Lewis-McChord firefighters join Colorado wildfire relief effort
July 5, 2012
- Army.mil: Wildfire Relief Efforts
- National Guard "Fires 2012"
- Army.mil: Americas News
- Northwest Guardian newspaper
- Joint Base Lewis-McChord
- Joint Base Lewis-McChord on Facebook
- Joint Base Lewis-McChord on Flickr
- U.S. Forest Service
- Fort Carson helps with evacuees as wildfire rages
- Fort Carson engineers, firefighters help contain Waldo Canyon blaze
- Colorado National Guard secures area around High Park
JOINT BASE LEWIS-MCCHORD, Wash. (July 5, 2012) -- Firefighter Will Odom will tell you that this isn't his first rodeo.
He and a team of four other experienced Joint Base Lewis-McChord, or JBLM, firefighters and one firefighter paramedic left for Fort Carson, Colo., Saturday, where they will help relieve teams that have been stretched thin since wildfires broke out across the state.
The "first" will actually be for JBLM Fire and Emergency Services -- this is the first time JBLM sent first responders to help another military installation.
"I have never known this to happen before," JBLM fire chief Dean Dixon said.
The team of six, all civilians, reported to Fort Carson and will spend two weeks doing whatever needs to be done. They may be out fighting wild land fires -- the entire team is qualified to do so -- so their colleagues can move away from the line, but they could just as easily end up covering a short-staffed fire station on base. The point is the team is there to help.
"They'll allow the Fort Carson guys a break because they've been working pretty much non-stop since the fire started," Dixon said.
In fact, the idea has been around for some time. Dixon remembers fire chiefs years ago discussing the concept when disasters cropped up. When a hurricane hits or a fire burns out of control, many emergency services implement mutual aid agreements to help one another. Installation fire departments frequently forge similar understandings with local civilian authorities.
If a fire department in Pierce County needs extra crews, for instance, they can call on JBLM and, vice versa, the installation can call on the county if necessary to reciprocate. The recurring question was why military installations didn't enter into similar arrangements with each other.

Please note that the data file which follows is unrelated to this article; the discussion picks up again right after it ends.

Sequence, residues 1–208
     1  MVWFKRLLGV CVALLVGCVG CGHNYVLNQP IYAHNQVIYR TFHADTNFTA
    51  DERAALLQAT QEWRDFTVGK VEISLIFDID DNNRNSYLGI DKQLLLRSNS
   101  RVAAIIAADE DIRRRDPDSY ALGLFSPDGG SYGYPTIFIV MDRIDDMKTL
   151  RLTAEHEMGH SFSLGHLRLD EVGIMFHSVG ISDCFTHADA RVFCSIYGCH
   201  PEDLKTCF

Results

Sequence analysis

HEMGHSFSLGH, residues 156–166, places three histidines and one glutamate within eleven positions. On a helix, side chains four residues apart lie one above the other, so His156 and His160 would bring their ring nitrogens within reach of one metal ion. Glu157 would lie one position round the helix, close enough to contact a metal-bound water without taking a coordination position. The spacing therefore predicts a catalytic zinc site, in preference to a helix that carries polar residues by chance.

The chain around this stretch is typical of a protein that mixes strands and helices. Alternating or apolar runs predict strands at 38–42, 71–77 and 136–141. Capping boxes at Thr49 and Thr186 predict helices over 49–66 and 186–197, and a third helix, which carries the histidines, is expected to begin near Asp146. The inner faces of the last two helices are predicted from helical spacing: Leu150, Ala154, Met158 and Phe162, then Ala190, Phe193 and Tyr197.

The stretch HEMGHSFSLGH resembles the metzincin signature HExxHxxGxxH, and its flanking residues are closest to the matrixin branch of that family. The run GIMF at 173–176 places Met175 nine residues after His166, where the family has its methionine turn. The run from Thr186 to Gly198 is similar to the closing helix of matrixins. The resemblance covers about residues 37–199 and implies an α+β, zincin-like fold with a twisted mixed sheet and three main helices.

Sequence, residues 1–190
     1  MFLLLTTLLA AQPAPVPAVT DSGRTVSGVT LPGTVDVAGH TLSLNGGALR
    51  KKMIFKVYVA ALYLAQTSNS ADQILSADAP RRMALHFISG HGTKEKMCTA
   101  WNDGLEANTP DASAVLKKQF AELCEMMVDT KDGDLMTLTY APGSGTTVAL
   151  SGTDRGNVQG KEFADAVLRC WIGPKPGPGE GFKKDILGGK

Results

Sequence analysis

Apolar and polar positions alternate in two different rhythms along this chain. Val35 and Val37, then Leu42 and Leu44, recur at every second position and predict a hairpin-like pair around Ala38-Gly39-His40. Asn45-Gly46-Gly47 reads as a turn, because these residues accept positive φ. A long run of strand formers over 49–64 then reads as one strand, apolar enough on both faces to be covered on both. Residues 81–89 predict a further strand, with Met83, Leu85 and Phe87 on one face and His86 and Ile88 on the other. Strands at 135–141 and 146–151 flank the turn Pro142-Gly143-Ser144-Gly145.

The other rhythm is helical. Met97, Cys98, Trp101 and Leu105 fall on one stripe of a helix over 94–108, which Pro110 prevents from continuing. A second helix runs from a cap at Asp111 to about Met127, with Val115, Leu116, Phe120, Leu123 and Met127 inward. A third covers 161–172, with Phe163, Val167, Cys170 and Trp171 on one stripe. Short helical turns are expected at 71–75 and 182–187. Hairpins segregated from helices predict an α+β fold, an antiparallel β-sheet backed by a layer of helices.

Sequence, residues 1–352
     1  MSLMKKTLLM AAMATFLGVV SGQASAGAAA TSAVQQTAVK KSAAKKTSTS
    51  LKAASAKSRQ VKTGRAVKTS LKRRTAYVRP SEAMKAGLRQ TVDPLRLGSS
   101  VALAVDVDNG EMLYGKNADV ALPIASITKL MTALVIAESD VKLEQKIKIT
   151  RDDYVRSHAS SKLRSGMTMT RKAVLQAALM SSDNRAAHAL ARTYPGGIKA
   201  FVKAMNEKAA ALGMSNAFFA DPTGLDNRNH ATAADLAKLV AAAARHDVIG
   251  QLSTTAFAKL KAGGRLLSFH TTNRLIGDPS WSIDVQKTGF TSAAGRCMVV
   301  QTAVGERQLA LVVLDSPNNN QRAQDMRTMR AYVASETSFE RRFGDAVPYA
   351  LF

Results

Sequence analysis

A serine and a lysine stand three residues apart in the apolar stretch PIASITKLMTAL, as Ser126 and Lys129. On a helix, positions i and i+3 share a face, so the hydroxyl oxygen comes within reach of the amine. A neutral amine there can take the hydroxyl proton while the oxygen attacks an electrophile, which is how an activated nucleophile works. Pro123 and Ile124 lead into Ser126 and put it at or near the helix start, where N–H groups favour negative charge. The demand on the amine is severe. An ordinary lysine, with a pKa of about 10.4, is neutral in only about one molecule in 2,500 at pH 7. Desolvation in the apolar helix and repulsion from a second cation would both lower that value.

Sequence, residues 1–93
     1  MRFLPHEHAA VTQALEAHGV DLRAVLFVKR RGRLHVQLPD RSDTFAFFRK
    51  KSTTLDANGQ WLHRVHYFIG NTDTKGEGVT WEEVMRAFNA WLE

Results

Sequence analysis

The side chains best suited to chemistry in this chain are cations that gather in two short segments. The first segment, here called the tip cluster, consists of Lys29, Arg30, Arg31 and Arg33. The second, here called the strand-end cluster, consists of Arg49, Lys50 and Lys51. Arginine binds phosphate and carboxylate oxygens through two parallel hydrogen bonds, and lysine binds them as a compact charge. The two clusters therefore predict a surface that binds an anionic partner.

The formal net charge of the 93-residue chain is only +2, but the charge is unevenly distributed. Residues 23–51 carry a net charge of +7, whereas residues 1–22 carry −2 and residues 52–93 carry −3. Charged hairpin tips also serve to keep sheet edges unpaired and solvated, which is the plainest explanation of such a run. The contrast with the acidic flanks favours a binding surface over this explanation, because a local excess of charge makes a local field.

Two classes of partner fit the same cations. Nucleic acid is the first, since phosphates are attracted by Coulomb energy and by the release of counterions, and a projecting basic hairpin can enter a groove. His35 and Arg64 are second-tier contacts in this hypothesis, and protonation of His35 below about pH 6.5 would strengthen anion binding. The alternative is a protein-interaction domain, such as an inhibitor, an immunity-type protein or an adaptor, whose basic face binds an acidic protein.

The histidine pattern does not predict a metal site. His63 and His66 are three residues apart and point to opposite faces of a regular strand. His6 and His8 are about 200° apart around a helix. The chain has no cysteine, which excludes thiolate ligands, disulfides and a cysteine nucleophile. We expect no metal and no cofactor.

When the fire chief at Fort Carson asked the U.S. Army's Installation Management Command for the assistance of eight firefighters from other installations last week, Dixon moved quickly to assess which departments could spare the manpower. In the end, he identified six, along with their protective gear. Two others will join them from Fort Hood, Texas, with another pair on standby from Fort Bliss, Texas.
Dixon worked at Fort Carson for 20 years and counts the fire chief there among his friends, but he also wants arrangements like this between military installations to become the norm.
"Hopefully this will set off a trend so if something bad ever happened here, we could count on another installation to step up to the plate and help us out," he said.
The JBLM team left with their personal gear, including sleeping bags, so its members can sleep where they can, when they can. One of the benefits of sending firefighters from another installation is that they can be ready to work almost as soon as they arrive. Really, it's just a matter of getting them there.
"It's a job we do every day anyway. It's not like we're going out of our element; it's just a different location," said Capt. Glenn Rex.
One of the firefighters even worked at Fort Carson, transferring to JBLM a few years ago.
For the most part, the group volunteered for the same reason -- someone needed help and they were able to give it. Odom decided to go in part because he has family spread all over Colorado, but in the end, that's just a detail.
"It's our job. We're here to help the community, whether it's here or there," he said.
That's exactly the philosophy Dixon was hoping to find among his firefighters.
"If somebody needs help, it's pretty simple," he said.